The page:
Mr. Speaker, the hon. member points to one study. As usual, the study he chooses is probably the most negative one. There have been several studies and many of them point to leadership in terms of Canada's approach to digital issues.

That said, obviously in this area, the area that the bill addresses, we have needed to do more. One of the challenges we have had, and we discussed this in committee at one point, was the fact that through successive minority governments, and we are in our third minority government situation, it is difficult to see legislation such as this pass through the entire process.

We saw a concern early on in this process, and that was we would wind up in an election and this bill would die before it could actually go through. This is why we urge members from all parties to ensure the legislation gets passed, as amended, gets on to the Senate and gets passed there.

On the issue of leadership and competitiveness, I would point out that in terms of the overall economy, the World Economic Forum just recently stated, and I stated this in my comments but I will highlight it again, that Canada would be one of only two industrialized countries to come out of this global recession in a more competitive position than we went in.

Legislation such as this to solidify our digital economy and to strengthen it can only help that circumstance. I encourage all members to pass this.

Electronic Commerce Protection Act
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3:50 p.m.

Liberal

Anthony Rota Nipissing—Timiskaming, ON

Mr. Speaker, I am pleased to rise today to speak to Bill C-27.

The Internet first came into being about 15 years ago, and since then has grown exponentially, showing no signs of slowing down. We are all using the Internet more and more in our daily lives. It should enhance our productivity. We use it every day, whether to look for work, to shop, to communicate with our friends or to do business. We use it every day, yet there are still some barriers that prevent us from benefiting from the Internet's full potential.

Today, I would like to speak to Bill C-27. Simply put, Bill C-27 is an electronic commerce protection act that intends to prohibit sending of commercial electronic messages without the prior consent of recipients. This is what is more commonly known as spam email. The bill also looks to prohibit the use of false or misleading statements that disguise the origin or true intent of the email, the installation of unauthorized programs and the unauthorized collection of personal information or email addresses.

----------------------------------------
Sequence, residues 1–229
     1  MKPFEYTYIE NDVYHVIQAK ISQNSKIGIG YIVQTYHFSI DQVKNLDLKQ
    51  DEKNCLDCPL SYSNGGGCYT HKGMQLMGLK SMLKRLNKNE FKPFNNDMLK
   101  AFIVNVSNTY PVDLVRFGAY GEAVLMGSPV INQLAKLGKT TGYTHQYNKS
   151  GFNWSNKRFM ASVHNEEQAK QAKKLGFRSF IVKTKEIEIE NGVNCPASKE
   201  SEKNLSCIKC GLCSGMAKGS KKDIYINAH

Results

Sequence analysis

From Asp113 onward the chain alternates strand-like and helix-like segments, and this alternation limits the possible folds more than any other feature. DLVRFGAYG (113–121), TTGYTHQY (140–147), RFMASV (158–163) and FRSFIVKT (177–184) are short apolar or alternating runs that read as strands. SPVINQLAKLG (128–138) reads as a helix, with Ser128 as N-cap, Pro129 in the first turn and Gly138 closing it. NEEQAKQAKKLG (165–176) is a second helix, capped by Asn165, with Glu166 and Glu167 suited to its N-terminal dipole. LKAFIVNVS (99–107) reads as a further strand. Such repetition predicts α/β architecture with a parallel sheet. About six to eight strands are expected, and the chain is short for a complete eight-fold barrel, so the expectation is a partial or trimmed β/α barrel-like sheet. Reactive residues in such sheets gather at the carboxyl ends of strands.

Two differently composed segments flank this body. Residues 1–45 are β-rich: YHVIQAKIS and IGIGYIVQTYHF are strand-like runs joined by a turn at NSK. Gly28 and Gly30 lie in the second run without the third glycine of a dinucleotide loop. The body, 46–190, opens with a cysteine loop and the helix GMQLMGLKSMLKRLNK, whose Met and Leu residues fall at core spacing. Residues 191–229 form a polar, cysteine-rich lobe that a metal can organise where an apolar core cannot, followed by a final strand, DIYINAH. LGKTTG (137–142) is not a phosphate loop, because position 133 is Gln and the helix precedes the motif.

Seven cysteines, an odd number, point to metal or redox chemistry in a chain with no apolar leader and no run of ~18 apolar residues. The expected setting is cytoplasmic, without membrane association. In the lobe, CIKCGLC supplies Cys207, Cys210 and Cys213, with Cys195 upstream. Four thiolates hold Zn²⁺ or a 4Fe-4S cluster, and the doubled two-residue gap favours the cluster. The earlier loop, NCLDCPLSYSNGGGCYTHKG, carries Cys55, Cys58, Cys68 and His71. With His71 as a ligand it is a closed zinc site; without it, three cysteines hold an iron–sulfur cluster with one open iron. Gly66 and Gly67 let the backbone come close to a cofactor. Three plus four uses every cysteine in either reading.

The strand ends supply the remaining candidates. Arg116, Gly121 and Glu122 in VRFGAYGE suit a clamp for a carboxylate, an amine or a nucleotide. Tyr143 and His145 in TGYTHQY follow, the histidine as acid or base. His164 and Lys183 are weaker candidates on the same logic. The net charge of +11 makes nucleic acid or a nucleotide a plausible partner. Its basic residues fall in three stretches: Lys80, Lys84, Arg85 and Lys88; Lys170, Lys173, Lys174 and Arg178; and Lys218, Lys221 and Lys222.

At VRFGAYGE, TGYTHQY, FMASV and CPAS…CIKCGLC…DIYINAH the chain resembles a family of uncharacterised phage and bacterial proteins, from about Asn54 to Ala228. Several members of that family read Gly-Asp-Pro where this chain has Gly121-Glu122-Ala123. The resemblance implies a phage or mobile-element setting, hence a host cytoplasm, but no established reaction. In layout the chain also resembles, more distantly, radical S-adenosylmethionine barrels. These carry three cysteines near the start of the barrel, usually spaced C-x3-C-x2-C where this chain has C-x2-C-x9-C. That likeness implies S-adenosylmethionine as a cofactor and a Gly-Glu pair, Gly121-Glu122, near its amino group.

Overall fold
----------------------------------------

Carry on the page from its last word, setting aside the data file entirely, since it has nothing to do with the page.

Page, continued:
Studies show that of the total email traffic that exists on the Internet today as much as 85% can be considered spam. The hon. member who spoke previously spoke of different levels. There is some as low as 60% and some as high as 90%. At any level, those levels are unacceptable and something has to be done to correct them.

When we consider the time that is spent sorting through in boxes and deleting unwanted email at work and at home, it does not take long to figure out that spam kills productivity.

How many times, whether at home or at work, have we started reading emails only to realize that many of them are unsolicited and cause problems? Such emails can make us waste half or a good part of our day. At any stage, these emails are a waste of time in terms of Canadian productivity.

A 2003 report estimated that fighting spam cost businesses and consumers $27 billion annually in information technology spending, including increased expenditures in the Internet bandwidth, the storage costs, anti-spam software and user support.

This does not take into consideration the numerous hours that people waste just sorting through and finding out what they want, what they do not want, what they have asked for, what was sent to them without their request and getting rid of it. Again, it kills time that we could be using more productively as Canadians. It limits us from taking full advantage of the Internet, whether it is for personal or commercial purposes.

To say that spam is a serious problem to Canadians and Canadian business is an understatement. Spam is a large source of computer viruses, phishing programs designed for identity theft and deceptive and fraudulent business practices that target the vulnerable.